Keeping the best employees engaged and invested in your company is one of the best ways to prevent them from leaving. And one of the top methods of doing exactly this is through employee recognition.
The implementation of employee reward and recognition programs can be extremely beneficial in both the short and long term. Just understanding this concept is a great start. But there are potential pitfalls you can encounter when putting it into practice. Here are five mistakes that too many leaders and organisations make when trying to reward and recognise employees.
The first mistake: Thinking you know what’s best
How to avoid it: Employee awards should, first and foremost, be things that appeal to the people earning them. It just make sense, doesn’t it? Why would anybody get excited about something that they aren’t particularly interested in? When you’re coming up with employee incentive programs, do some research by talking to your team members and trying to figure out what they want. In fact, you can even poll them and directly ask them what they prefer to make sure you hit a home run when reward time comes.
The second mistake: Getting dollar signs in your eyes
How to avoid it: This concept rings true in several ways. First off, don’t assume people always want money as a reward. Bonuses are nice, and giving them out might be the best method of employee recognition for some. But it might not be optimal for others. Another way money can be a stumbling block is if you think you’re obligated to spend a lot on reward and recognition. This isn’t true, as there are plenty of great cost-effective ways to shower employees with appreciation.
The third mistake: Making it too easy or too hard to be rewarded and recognised
How to avoid it: One of the toughest parts of crafting a solid employee reward and recognition program is finding that happy medium between making it too easy and too hard. Don’t set targets too low or your workers might take their feet off the gas once they hit their mark. Likewise, making it too hard to earn your appreciation will demoralise the team and make them think it’s impossible to receive their rewards. Use some good old trial and error and take your team’s responses into account to properly calibrate your rewards.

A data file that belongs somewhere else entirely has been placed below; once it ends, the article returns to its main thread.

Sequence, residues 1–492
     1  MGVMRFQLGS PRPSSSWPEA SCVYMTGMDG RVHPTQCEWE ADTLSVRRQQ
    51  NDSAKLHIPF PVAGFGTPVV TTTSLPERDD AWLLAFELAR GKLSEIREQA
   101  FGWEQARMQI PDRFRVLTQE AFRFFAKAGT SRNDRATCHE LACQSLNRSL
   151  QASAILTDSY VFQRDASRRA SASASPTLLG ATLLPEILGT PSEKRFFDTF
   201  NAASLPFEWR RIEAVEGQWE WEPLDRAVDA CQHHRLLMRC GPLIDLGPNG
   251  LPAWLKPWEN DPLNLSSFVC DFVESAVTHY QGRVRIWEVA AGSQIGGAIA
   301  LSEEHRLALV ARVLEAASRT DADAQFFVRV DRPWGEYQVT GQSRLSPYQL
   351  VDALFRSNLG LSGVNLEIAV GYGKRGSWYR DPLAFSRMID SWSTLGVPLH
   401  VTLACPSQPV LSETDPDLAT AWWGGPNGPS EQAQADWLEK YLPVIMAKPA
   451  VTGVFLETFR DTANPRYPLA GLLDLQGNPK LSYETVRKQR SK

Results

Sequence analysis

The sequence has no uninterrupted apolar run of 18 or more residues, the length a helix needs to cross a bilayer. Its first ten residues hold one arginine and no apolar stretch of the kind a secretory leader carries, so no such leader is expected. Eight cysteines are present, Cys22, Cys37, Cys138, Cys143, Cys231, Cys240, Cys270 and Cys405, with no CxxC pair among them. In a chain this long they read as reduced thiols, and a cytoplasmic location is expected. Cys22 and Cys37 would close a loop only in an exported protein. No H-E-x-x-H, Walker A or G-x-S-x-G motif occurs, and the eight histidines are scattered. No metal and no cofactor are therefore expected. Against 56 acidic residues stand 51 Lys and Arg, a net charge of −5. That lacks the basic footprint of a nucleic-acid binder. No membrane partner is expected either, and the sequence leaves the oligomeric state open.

The fourth mistake: Letting materialism drive you
How to avoid it: A thoughtful book or a voucher to a store that aligns with the interests of a worker are great ideas. But don’t be restricted to such presents. Feel free to think outside the box when it comes to rewards and recognition. Hire a training room and have a speaker come and spend an afternoon entertaining and educating your team. Or give them the afternoon off and provide them some great IT training that will help them progress toward achieving their professional goals. Such actions can be much more meaningful and beneficial to your team in the long run.
The fifth mistake: Limiting your idea of what’s rewardable
How to avoid it: Deciding to dole out employee rewards based on tangible outputs is more than fine. In fact, depending on the size of your business and what product or service you offer, it might be the best option to let output production guide your recognising hand. But more often than not, expanding your idea of what deserves recognition is a great idea. Throw some appreciation toward the team member who stayed late one night even when he or she had other plans. Or perhaps recognise somebody who always offers to make tea for colleagues or is consistently doing whatever he or she can to keep team morale up. Untethering yourself from the constraints of hitting production targets opens you up for more creative times and ways to bestow employee awards.
One of the best things about employee reward and recognition is that there is no one perfect way to implement it. The size of your company, what your product or service is and, most importantly, the types of people you have making up your team are all important determining factors when trying to decide the best ways to reward and recognise. Keep those facets and the above tips in mind when trying to figure out how to let your team know you appreciate their efforts. And make sure to check out the Saxons blog for other strong leadership tips to keep your company firing on all cylinders.